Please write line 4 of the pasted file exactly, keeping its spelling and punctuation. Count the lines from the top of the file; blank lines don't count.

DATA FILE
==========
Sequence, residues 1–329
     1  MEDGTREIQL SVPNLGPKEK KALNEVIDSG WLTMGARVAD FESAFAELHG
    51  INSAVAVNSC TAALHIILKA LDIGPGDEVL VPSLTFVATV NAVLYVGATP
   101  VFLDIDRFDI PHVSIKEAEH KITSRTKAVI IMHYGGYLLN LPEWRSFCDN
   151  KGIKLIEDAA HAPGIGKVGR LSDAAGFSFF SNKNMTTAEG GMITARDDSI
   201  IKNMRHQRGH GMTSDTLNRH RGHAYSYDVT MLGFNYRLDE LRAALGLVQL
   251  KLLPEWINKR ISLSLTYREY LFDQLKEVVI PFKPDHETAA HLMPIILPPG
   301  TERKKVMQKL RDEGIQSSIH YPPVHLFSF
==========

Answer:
   101  VFLDIDRFDI PHVSIKEAEH KITSRTKAVI IMHYGGYLLN LPEWRSFCDN